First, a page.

A great adventure

A look at Domaine Les Brome, and on the journey that has truly elevated the couple of Léon Courville and Anne-Marie Lemire among the best wine producers here.

The project was born in 1995, after the economist (who was president of Banque Nationale and university professor) decided to retire... only to find out that he’s never worked so much in his life! "It's 24 hours a day!" he said, under the amused eye of his partner Anne-Marie, who joined him in 2005 to oversee the marketing of the wines. 

Domaine Les Brome now produces some 80,000 bottles of wine annually.

A happy coincidence

Courville had always possessed an entrepreneurial streak that his previous professional life had failed to ignite. Plus, the passion was fuelled by a “convergence of unexpected happenstances.” A collector (of wines and corkscrews) and a speculator keen on blind tastings, he had stumbled upon this grossly neglected 45-acre property the day after a personal breakup and Quebec’s first referendum. A fresh start was in the cards and the prospect pleased him. 

Proven grape varieties 

He began planting grapes in the early 2000s, but not just any grapes. At the time, he went for varieties that had already been tested in the area, like Vidal, Seyval Blanc, Maréchal Foch, St-Pépin, De Chaunac, Baco and Riesling. 

After 15 more years of activity and many trial-and-error situations that at times cost them dearly – like that French Pinot Noir they were forced to rip out – the couple was able to declare victory: The magnificent 18-acre estate now produces some 80,000 bottles annually of about 15 wines – white, red, rosé, ice, late-harvest and sparkling, several of which have received critical acclaim. From the beginning, they had in mind to make wines of superior quality. All winemakers will say the same thing, but they did not want them to aim for anything less than excellence.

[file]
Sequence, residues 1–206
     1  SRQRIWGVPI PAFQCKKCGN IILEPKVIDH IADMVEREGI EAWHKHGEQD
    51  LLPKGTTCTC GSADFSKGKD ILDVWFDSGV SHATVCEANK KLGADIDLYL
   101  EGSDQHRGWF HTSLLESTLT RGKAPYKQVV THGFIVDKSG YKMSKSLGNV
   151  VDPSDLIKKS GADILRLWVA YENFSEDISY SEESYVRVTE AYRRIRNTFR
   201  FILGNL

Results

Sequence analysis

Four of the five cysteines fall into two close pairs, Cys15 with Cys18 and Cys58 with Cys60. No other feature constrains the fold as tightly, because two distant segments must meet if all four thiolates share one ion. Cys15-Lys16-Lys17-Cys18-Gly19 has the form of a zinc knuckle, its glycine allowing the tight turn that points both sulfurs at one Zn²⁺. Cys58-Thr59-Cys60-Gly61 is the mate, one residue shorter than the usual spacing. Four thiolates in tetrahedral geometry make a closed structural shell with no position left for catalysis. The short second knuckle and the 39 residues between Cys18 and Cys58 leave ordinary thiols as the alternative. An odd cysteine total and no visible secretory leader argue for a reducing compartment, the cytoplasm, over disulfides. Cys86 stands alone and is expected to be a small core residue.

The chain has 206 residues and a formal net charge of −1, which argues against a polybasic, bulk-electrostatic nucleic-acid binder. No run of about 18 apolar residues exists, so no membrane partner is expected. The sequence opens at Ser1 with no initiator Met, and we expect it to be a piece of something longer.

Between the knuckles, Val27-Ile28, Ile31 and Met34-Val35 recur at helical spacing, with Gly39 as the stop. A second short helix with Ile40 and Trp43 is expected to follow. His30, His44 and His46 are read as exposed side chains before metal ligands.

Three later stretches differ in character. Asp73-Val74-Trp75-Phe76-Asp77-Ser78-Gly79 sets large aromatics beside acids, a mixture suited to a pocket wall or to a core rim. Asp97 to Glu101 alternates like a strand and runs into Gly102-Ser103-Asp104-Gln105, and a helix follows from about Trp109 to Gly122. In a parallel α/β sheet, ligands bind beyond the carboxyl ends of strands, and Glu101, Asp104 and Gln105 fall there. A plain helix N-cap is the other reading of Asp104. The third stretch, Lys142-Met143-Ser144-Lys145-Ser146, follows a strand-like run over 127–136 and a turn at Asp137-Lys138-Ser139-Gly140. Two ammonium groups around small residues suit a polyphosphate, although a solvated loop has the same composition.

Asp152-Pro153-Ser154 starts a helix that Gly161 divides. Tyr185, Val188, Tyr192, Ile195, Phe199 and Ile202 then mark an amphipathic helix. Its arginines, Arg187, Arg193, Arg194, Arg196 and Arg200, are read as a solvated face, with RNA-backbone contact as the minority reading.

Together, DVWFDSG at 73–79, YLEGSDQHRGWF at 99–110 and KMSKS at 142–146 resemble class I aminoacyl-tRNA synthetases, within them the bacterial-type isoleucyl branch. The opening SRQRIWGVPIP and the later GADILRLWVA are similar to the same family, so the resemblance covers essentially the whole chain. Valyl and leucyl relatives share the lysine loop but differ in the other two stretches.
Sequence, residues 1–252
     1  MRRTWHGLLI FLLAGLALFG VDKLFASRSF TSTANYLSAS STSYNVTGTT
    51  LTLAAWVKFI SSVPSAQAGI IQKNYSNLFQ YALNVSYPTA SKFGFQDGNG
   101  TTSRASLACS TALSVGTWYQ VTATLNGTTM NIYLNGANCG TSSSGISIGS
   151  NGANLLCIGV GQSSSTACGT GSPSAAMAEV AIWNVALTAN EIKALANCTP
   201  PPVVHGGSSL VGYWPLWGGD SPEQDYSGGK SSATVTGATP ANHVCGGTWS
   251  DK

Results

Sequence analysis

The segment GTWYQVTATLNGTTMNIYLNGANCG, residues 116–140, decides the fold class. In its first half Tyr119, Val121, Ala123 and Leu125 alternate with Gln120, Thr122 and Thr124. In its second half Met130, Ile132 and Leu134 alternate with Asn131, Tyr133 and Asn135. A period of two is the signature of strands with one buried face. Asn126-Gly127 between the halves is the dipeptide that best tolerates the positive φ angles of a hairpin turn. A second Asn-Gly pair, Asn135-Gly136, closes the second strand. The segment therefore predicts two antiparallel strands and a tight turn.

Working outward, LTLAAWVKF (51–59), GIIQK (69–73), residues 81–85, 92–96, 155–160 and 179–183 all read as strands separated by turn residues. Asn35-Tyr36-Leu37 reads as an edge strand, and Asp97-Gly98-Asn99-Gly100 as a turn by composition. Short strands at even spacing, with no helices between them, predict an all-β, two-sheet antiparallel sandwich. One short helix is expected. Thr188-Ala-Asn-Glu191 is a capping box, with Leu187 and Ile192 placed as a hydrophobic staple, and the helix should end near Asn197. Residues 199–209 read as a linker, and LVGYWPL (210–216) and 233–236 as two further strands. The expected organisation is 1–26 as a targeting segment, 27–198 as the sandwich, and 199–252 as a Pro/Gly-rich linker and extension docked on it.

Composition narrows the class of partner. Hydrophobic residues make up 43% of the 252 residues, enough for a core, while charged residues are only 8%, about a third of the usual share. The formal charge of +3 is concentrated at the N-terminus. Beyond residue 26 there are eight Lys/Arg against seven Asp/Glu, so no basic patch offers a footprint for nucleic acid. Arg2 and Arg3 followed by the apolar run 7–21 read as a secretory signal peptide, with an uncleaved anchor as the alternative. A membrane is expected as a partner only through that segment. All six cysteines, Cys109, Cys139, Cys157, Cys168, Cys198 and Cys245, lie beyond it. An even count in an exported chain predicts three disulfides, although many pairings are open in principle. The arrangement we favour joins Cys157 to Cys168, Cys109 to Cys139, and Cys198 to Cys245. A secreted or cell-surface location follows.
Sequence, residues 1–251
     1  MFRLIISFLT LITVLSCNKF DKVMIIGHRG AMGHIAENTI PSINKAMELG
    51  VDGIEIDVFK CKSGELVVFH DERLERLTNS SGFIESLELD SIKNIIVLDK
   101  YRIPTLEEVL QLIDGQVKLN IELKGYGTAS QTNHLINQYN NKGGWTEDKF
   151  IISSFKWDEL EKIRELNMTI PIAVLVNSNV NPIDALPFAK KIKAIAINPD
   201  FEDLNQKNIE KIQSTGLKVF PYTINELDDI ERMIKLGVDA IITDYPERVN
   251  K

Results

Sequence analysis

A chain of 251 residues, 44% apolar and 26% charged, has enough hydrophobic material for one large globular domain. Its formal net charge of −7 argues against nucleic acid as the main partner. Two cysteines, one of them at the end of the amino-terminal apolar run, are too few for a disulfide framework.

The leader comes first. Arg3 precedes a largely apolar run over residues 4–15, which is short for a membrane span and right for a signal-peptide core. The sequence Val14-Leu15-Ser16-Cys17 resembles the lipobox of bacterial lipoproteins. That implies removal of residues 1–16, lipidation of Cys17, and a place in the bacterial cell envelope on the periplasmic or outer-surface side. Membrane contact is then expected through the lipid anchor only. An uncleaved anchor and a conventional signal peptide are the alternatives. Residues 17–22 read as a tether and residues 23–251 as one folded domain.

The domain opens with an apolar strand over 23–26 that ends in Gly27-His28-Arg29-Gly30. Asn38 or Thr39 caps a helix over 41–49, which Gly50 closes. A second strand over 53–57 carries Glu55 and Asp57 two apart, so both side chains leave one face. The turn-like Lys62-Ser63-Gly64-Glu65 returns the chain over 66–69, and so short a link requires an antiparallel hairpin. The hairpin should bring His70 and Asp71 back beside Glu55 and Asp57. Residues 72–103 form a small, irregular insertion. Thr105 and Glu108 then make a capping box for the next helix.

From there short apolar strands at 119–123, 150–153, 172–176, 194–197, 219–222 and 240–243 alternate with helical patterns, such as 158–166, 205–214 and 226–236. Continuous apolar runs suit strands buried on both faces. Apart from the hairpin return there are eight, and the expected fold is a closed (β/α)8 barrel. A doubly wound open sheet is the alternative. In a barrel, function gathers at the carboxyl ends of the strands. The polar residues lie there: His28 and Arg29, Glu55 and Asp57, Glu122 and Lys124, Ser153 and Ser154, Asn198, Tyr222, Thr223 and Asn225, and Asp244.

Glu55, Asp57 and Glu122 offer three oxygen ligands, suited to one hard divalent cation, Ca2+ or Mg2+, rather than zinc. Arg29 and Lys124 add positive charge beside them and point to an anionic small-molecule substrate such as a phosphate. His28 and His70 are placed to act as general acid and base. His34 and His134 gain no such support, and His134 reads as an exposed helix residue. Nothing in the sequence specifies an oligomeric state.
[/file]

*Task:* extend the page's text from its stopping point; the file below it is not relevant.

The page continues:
Perpetual innovation

Propelled into the world of viticulture by their love of nature (and for each other), these two intriguing intellectuals did their own research and taught themselves to vinify grapes. Winemaking experts lent a helping hand along the way. “We urged these experts to be innovative,” Lemire says. That’s how they developed a celebrated red cuvée called XP (for “experience”) with its flavours of ripe plum, and brought to fruition according to the Italian passito method. De Chaunac grapes are harvested early in the fall, dried for a few weeks, then vinified and put in barrels. The powerful St-Pépin variety was another winner, encouraging them to continue experimenting.

Crowned with a well-deserved success, the wines of Domaine Les Brome have nothing to envy worthy cuvées of other wine regions of the world. Times have changed and prejudices about local wines are dissipating. Local products are increasingly recognized and we are approaching the ultimate goal we all hope for: To recognize their worth! And in the pursuit of this goal, Léon Courville will certainly remain engraved in our memories for having made his unique contribution.